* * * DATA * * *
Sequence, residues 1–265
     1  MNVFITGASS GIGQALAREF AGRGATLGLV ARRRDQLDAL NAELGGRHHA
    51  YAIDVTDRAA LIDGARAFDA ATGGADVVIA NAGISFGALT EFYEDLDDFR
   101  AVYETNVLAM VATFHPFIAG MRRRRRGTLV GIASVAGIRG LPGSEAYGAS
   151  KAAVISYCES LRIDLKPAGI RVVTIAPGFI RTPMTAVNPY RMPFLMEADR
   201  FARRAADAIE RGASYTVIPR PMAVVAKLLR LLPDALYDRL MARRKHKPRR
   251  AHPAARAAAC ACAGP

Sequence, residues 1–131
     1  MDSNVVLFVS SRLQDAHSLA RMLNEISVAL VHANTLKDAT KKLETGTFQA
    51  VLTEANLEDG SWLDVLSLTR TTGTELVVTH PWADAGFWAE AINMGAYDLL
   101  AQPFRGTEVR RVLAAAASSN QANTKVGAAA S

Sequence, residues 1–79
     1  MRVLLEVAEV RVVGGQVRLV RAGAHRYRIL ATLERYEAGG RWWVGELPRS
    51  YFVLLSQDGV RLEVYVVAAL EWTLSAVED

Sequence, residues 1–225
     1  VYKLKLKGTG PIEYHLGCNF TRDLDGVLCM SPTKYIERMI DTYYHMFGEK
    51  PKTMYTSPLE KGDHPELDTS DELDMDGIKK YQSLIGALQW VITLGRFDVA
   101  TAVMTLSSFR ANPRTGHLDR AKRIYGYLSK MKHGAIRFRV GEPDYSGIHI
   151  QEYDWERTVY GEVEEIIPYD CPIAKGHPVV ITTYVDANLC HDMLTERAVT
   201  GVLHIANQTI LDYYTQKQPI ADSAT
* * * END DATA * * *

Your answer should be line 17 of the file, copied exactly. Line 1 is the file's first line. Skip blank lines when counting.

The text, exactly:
    51  PKTMYTSPLE KGDHPELDTS DELDMDGIKK YQSLIGALQW VITLGRFDVA